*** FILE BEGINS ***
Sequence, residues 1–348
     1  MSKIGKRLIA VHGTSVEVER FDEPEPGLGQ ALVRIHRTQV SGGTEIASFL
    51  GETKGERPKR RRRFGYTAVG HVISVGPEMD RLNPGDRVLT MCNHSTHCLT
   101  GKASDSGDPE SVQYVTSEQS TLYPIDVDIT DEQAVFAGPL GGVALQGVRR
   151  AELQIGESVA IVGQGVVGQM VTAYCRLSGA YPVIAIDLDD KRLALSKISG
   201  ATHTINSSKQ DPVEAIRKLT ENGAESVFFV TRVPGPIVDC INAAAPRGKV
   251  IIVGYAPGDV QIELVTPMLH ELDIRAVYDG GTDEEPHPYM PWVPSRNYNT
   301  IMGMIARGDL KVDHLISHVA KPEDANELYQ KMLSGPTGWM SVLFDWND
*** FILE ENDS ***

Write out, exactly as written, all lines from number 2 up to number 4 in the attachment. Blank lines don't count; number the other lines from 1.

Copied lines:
     1  MSKIGKRLIA VHGTSVEVER FDEPEPGLGQ ALVRIHRTQV SGGTEIASFL
    51  GETKGERPKR RRRFGYTAVG HVISVGPEMD RLNPGDRVLT MCNHSTHCLT
   101  GKASDSGDPE SVQYVTSEQS TLYPIDVDIT DEQAVFAGPL GGVALQGVRR